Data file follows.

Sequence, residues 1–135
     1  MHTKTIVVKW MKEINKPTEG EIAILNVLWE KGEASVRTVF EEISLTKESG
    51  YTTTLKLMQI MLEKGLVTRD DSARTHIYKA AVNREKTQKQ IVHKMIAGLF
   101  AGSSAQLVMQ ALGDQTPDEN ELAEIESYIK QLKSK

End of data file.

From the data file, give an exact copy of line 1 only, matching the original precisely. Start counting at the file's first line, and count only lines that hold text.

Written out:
Sequence, residues 1–135